Here is a sampling of what was written about Peter Reichard, New London's new deputy police chief, when he abruptly left his job as assistant police chief in New Haven, in February 2010.
"After being suspended Friday for alleged misconduct, New Haven Assistant Police Chief Peter Reichard resigned Monday, ending the department's investigation of his behavior." - Yale Daily News.
"Assistant Police Chief Pete Reichard was suspended Friday pending an investigation into allegations of misconduct - including an alleged threat to arrest a newspaper reporter." - New Haven Independent.
"An assistant police chief in Connecticut was relieved of his duties after he threatened to arrest a newspaper reporter who had written about a detective who complained the chief had threatened to hurt him if he wore white shoes to work again." - Associated Press.
"Assistant Police Chief Peter Reichard was relieved of duty today, the police chief confirmed." - New Haven Register.
A few days later, this headline appeared over a Register story: "Stripped of badge, gun, Reichard opts to retire from New Haven PD."
Most succinct of all was this headline over a story from WTNH television: "NH's Asst. Chief of Police sent packing."
When I mentioned just one of these headlines Tuesday to Mayor Finizio, he said, essentially, you can't always believe what you see in headlines. Just look at what's been written about him in headlines in The Day, the mayor said.
The mayor was sticking with the narrative that he, Reichard and New London Police Chief Margaret Ackley all pitched Monday at the Reichard hiring press conference, that Reichard's departure from New Haven was a simple retirement.
Ackley said Reichard came highly recommended from New Haven. How could that be?
The mayor said he spoke to the New Haven mayor's office before hiring the new deputy chief.
A spokeswoman for New Haven Mayor John DeStefano Jr. said Tuesday that Reichard did retire, but she added the New Haven police chief said then it was time for Reichard to leave.
"You asked if the mayor of New London received a reference from New Haven Mayor (DeStefano) regarding Reichard," the spokeswoman later wrote in an email. "The mayor of New London spoke to our chief administrative officer … to confirm some details regarding Reichard's employment and retirement from the City of New Haven. He did not speak to Mayor John DeStefano Jr."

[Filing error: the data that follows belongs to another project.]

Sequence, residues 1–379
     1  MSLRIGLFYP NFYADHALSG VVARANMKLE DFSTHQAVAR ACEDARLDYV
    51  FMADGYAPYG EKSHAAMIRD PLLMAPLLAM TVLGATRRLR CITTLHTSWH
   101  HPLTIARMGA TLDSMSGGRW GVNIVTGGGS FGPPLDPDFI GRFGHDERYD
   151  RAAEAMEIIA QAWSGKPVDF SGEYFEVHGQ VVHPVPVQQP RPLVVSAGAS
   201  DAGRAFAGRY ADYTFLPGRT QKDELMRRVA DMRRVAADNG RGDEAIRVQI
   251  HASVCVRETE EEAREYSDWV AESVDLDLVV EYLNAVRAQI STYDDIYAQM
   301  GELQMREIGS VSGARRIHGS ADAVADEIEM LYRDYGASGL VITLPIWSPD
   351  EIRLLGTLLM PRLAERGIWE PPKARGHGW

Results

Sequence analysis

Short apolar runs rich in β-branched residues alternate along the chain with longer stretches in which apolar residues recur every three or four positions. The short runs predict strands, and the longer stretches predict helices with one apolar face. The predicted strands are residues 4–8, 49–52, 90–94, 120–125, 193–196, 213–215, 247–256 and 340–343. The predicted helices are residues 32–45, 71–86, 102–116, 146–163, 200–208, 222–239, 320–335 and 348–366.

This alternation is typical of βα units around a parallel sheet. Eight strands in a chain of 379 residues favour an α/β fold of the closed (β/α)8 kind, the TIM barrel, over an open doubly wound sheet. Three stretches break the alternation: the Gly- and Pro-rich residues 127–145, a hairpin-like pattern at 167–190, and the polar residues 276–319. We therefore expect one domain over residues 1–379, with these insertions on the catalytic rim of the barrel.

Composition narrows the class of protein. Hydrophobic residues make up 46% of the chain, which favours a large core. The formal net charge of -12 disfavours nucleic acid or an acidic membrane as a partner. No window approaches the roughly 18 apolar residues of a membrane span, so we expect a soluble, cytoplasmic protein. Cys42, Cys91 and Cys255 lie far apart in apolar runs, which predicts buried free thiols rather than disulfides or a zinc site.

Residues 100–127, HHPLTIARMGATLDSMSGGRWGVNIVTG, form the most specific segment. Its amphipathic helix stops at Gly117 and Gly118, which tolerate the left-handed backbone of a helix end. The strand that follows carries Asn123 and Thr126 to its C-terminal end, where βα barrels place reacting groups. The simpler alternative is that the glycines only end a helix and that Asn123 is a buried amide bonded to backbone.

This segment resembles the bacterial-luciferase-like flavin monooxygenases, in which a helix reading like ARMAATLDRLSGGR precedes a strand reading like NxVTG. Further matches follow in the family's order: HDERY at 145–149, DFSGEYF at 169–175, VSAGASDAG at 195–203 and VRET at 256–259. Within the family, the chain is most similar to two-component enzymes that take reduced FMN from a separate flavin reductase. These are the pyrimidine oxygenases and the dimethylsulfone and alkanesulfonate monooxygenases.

Nothing there to indicate, as Ackley said, that he came highly recommended from New Haven.
The newspaper articles about Reichard detail some of the allegations against him.
The New Haven Independent suggested there were more complaints than the white shoe incident and the alleged threats made to the reporter.
"Several incidents were brought to my attention. As those started evolving and being investigated, it brought additional issues of concern to me," then New Haven Police Chief James Lewis was quoted saying in the Independent.
In the same story, DeStefano was quoted: "There clearly appears to be inappropriate conduct. It's under review."
The Yale Daily News wrote that Reichard was relieved of duty after "a number of civilians and fellow police officers filed several complaints about his conduct."
WTNH quoted from an extensive statement from DeStefano's office saying there was an investigation of concerns about Reichard's "conduct and management style."
I certainly don't have any knowledge of whether Reichard was a good cop in New Haven, but it does seem clear it wasn't a simple retirement.
(Who could blame him, though, for not simply resigning if he thought he was done, given that the Register reported he was eligible for a pension of $75,000 to $85,000 a year.)
What bothered me most about the way Reichard's appointment was announced was that New London officials pretended there had been no controversy, indeed denied it. Don't they know about Google?
Reichard was recommended by the Police Chiefs Association, who helped review candidates for the job. But it's hard to believe he could have been highly recommended by New Haven.
This is the opinion of David Collins.